Clal nurtures new skills in leaders, helping them to prepare for the civic, spiritual, intellectual and ethical challenges in American life.
"...For American Jews, socialism and communism were also social movements permeating the most mundane aspects of life. There were socialist and communist summer camps, mother’s groups, and even sports clubs. For many Jews, socialism and communism were part of the fullest expression of American freedom. But as we see in this week’s Torah portion, engaging with a political approach that challenges established power can have disastrous results.
"It’s not your imagination: in the past few years, the gaming world has seen an uptick in the number of socially responsible games—things like WeTopia (basically Farmville with a charitable component), Half the Sky (a choose-your-own adventure women’s empowerment game), and Foldit (a puzzle game that solves real-world science quandaries). For the best of what’s new, look no further than the nominees for the 2013 Games for Change Awards. The nominees are separated out by category.
"As the Israelites were about to invade the Promised Land, Moses sent out spies. He would later say that he did this at the request of the people [Deuteronomy 1:22]. Perhaps this showed a lack of Israelite confidence in God, perhaps it only revealed a lack of self-confidence. In any case, perhaps as a kind of test, God reluctantly agreed to the request.
"Memorial Day is a day of remembering the men and women who died while serving in the United States Armed Forces...Remembering is not a neutral act. As we tell and retell the stories of the past, we as individuals and communities choose what to remember and what to forget. We don’t faithfully record the past, rather we reconstruct our past with the needs of contemporary culture clearly in mind – shaping and manipulating the past in order to mold the present.
"It can be a shock to the system when you meet someone with a bold vision and the chutzpah to realize it. A couple of years ago, soon after he had been ordained, my classmate Rabbi Owen Gottlieb sat down with me to share his vision for Jewish education. In it, Hebrew School and other avenues of Jewish study could become places for joyful experiential learning. Young Jews around the world could engage their tradition through digital, paper-based, and self-created games.
Rabbi Owen Gottlieb, founder of ConverJent was a featured speaker on the Digital Judaism: Tablet To Tablet Conference held at New York University's Abu Dhabi NY Campus in collaboration with the Center for Religion and Media, NYUNY on April 25, 2013.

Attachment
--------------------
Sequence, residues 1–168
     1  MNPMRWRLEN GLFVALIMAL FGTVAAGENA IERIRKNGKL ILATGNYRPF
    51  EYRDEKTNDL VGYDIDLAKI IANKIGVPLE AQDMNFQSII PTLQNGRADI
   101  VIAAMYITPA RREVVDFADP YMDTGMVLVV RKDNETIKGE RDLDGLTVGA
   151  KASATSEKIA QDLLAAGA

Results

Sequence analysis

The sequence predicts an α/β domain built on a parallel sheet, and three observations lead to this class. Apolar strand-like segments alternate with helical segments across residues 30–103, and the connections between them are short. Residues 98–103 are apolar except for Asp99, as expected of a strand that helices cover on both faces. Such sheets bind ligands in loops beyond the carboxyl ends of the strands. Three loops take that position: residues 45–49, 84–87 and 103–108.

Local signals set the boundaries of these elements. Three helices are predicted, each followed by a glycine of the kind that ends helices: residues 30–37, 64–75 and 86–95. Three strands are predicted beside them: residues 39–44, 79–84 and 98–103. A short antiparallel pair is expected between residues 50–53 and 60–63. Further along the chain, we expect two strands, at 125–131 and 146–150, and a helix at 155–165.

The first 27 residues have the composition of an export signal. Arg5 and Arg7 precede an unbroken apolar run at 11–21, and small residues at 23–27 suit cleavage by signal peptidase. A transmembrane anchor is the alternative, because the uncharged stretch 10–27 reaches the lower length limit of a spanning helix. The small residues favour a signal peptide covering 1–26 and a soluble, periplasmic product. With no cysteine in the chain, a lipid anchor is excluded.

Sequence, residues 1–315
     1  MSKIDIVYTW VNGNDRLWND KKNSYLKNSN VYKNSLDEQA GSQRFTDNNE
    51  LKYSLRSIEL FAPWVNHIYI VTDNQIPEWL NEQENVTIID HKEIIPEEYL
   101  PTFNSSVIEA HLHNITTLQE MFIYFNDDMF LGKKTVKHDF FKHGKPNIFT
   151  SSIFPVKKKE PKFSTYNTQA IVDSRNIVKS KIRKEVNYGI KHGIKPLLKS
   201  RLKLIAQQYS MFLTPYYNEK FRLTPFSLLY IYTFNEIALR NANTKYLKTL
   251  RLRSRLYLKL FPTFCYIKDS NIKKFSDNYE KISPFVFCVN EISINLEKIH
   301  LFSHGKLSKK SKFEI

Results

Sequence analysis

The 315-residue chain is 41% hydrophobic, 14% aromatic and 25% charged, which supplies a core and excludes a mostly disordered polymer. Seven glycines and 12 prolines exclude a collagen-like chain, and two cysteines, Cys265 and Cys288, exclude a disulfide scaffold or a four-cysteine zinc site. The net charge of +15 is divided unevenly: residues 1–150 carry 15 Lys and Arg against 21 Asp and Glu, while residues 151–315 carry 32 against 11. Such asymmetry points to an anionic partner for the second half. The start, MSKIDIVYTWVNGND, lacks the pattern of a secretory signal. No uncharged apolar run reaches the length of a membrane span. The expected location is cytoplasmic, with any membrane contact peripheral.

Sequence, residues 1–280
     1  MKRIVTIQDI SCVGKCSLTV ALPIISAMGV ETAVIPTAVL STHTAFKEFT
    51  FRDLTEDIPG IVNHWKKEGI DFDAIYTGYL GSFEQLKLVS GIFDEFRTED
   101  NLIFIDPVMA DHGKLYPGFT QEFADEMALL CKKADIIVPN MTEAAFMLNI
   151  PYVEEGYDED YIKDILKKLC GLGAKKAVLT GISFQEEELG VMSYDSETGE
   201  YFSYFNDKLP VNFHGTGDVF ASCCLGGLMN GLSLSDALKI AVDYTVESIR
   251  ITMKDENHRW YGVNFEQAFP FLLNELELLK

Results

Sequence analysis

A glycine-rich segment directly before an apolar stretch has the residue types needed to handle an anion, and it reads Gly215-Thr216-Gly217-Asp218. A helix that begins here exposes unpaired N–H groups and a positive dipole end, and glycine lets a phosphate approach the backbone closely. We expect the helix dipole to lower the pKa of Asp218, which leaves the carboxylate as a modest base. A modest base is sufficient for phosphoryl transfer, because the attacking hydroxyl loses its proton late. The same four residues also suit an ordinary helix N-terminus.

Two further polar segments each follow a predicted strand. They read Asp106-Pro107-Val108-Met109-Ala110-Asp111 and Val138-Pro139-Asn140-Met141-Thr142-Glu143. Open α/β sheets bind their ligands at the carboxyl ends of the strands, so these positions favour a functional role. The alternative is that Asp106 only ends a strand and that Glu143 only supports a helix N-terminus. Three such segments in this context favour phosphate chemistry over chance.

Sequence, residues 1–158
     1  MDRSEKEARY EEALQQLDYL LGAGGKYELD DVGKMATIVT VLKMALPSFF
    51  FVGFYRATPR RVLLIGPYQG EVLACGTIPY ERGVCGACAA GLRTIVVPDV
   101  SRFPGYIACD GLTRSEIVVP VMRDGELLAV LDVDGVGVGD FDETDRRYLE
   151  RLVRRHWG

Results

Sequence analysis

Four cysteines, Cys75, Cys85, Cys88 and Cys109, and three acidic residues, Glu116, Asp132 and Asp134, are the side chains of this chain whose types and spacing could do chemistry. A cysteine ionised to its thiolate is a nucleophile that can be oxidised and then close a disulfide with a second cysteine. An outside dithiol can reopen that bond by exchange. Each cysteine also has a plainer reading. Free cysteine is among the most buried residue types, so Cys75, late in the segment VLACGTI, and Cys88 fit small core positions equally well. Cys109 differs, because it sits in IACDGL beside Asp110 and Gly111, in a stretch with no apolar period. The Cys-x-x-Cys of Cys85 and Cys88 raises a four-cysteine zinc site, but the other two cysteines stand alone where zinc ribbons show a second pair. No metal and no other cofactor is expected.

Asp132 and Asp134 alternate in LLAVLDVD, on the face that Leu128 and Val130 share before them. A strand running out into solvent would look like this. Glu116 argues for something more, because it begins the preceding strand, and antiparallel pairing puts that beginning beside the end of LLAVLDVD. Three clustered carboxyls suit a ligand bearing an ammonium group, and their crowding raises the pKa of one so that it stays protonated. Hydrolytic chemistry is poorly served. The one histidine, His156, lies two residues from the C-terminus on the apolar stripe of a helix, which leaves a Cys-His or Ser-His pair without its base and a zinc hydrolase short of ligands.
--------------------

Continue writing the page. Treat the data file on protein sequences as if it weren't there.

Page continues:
Clal Resident Tzemah Yoreh, Ph.D. has published the first book in his Biblical Narrative (Kernel to Canon) Series. In Jacob’s Journey he relates ‘ chart the development of biblical narrative, which I believe began with a coherent kernel, an original Bible, if you will, and developed through successive additions into the story we have today.
"...In spite of all the extraordinary technological progress that has taken place since disruptive innovation theory was first posited in 1997 (Innovator's Dilemma, Christensen) certain domains have proved to be quite resistant or slow to adopt change. We have observed that these slow-to-change domains such as education, healthcare, religion, conflict resolution, the environment, politics and the military to name a few represent some of the most critical areas waiting to be disrupted.
Clal Resident Tzemah Yoreh, Ph.D. has just published the first book in his Humanist Prayer Series. In A Love Song for Shabbat he attempts to add some spice to Kabbalat Shabbat. It is intended for anyone who wishes that there were more prayers reflecting contemporary values, while at the same time remaining true to traditional cadences.
"Holidays anchor us: to family, to home, to memory. They remind us of who we are and where we come from, providing an element of constancy even when other parts of our life change. Emor, which means “speak,” is a section of the Hebrew Bible from the book of Leviticus. It includes a list of when the Israelites, and subsequently, the Jews, were to celebrate the holidays throughout the year...."